Jason Puxty told the crowd how he had been injured on the job as a police officer during a brawl in Orange.
“To propose to cut off funding for any treatment that I require at a legislated two-and-a-half years lacks compassion, caring and social responsibility,” he said.
“All workers want is to know that if you are injured in the job that you will be looked after.
The Chair of the Joint Select Committee states, in the final report – which was quickly printed today [whilst the rally against the slashes of compo benefits was going on!] that he is “pleased to present the report of the inquiry into the NSW workers compensation scheme”. Well we are horrified to share its hasty and purely economical recommendations with you! In our opinion, there was no genuine inquiry, it was nothing but a scam and the report may well have been written by the butcher himself.
Final Report NSW Workers Compensation Scheme – the “recommendations” may have well been written by Barry the butcher himself
The Committee was established on 2 May 2012 to inquire into and report on the New South Wales Workers Compensation Scheme.
The Terms of Reference required that the Committee have particular regard to the performance of the Scheme in meeting its key objectives of promoting better health outcomes and return to work outcomes for injured workers; the financial sustainability of the Scheme and its impact on the New South Wales economy; and the functions and operations of the WorkCover Authority.
In undertaking this Inquiry, the Committee has had regard to an Issues Paper released by the Hon Greg Pearce MLC, Minister for Finance and Services, on 23 April 2012. The Issues Paper detailed a number of concerns with the NSW Workers Compensation Scheme, primarily that the Scheme had a deficit of over $4 billion and included sixteen reform options to address these concerns. The sixteen options outlined in the Issues Paper formed the basis of most of the evidence received by the Committee throughout this Inquiry.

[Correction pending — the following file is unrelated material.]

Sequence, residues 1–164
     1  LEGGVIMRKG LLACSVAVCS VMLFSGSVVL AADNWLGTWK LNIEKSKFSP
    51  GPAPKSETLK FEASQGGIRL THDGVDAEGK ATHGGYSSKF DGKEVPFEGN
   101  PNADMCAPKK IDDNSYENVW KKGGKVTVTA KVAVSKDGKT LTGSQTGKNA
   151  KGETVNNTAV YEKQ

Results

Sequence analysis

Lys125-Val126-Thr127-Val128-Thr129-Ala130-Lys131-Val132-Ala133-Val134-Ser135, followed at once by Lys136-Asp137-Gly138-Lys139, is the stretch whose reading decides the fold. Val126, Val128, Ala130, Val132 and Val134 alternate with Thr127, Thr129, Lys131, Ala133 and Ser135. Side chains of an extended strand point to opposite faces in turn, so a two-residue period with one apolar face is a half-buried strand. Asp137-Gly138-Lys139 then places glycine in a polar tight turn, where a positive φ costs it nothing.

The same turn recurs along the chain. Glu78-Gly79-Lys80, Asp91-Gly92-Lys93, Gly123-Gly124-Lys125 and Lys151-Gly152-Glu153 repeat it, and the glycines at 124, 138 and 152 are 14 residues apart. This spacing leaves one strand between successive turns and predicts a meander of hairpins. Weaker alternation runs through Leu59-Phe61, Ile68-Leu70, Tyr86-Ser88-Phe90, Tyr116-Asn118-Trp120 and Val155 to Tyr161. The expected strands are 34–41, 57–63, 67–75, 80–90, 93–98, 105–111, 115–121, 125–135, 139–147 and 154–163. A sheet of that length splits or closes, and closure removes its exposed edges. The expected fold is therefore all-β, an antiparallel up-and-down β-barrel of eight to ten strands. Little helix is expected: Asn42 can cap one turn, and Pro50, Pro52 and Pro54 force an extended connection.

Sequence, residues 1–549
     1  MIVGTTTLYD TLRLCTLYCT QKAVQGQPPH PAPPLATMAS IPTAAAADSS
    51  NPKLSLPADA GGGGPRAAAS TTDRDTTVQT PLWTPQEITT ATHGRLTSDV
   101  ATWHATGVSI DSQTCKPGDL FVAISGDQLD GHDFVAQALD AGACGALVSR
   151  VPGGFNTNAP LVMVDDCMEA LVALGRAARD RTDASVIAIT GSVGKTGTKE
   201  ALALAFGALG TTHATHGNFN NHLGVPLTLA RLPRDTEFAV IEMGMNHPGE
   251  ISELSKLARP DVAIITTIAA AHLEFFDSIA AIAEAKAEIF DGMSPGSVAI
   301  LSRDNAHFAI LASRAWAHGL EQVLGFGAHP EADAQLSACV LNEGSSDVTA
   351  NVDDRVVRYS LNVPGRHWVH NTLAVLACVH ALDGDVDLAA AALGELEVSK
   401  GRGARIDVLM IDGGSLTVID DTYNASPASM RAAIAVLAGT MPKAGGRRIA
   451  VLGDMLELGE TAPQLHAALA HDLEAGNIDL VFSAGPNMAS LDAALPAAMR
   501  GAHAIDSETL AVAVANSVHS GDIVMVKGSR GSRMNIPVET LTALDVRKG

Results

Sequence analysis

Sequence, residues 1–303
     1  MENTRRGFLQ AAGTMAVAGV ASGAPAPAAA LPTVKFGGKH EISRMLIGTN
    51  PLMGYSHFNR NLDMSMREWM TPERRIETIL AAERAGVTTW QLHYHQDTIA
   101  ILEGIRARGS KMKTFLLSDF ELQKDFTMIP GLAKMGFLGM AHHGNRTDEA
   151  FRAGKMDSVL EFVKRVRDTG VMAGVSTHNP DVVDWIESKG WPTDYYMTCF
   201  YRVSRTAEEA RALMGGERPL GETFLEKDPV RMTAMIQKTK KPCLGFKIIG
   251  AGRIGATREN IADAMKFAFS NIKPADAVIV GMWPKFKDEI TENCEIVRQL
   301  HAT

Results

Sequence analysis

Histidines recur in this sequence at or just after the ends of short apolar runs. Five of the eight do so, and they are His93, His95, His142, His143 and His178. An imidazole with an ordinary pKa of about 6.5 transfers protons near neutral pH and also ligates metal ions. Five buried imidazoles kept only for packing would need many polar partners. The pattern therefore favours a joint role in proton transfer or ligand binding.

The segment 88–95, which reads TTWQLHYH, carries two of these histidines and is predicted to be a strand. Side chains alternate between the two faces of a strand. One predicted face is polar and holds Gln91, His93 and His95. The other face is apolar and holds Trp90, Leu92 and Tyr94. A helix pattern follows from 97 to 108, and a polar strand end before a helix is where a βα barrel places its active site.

The Committee acknowledges the diverse views of stakeholders impacted by the operation and management of the Workers Compensation Scheme in New South Wales and, in particular, the polarised views expressed about the options proposed in the Issues Paper. In light of the Scheme’s poor financial position, the Committee is of the view that immediate reform is required, and on that basis has made a number of recommendations that have been forecast to have a quantifiable effect on the Scheme’s deficit.
The Committee also considers that it is critical that the Scheme undergo an extensive and detailed review, with a view to developing a comprehensive strategy to address the Scheme’s long term viability and improve its operation and performance in meeting its key objectives.
The Committee has therefore made a recommendation that such a review be undertaken.
Summary of recommendations
That the NSW Government ensure that, under the Workers Compensation Scheme, a worker assessed as severely injured be subject to work capacity testing but with the Workers Compensation Commission able to suspend or to waive the requirement for the severely injured worker to undergo work capacity testing. Recommendation 2
That the NSW Government ensure that, under the Workers Compensation Scheme, any time cap on payment of weekly income benefits and medical expenses (apart from the Commonwealth retirement age) not apply to appropriately defined severely injured workers. Recommendation 3
That the NSW Government abolish journey claims under the Workers Compensation Scheme, except in relation to police officers.
That the NSW Government abolish the entitlement of dependents of deceased or injured workers to make nervous shock claims under the Workers Compensation Scheme.
That NSW Government ensure that, under the Workers Compensation Scheme, the weekly income benefits of both award and non-award workers be determined by reference to one measure of average actual pre-injury earnings.
That the NSW Government ensure that, under the Workers Compensation Scheme:
in cases of total incapacity, workers receive weekly income benefits on the Victorian model, namely (broadly speaking) 95 per cent of their pre-injury average weekly earnings for the first 13 weeks of total incapacity, and then 80 per cent from week 14 onwards.
in cases of partial incapacity, workers receive weekly income benefits on the Victorian model, namely (broadly speaking) 95 per cent of their pre-injury average weekly earnings for the first 13 weeks of total incapacity and then 80 per cent from week 14 onwards (in each case less certain amounts).
That the NSW Government seek to amend the Workers Compensation Act 1987 to impose a time cap on weekly income benefits of no less than five years for less seriously injured workers, with a more generous time cap for an intermediate category of injured worker and ultimately no time cap (except the Commonwealth retirement age) for the most seriously injured workers. Recommendation 8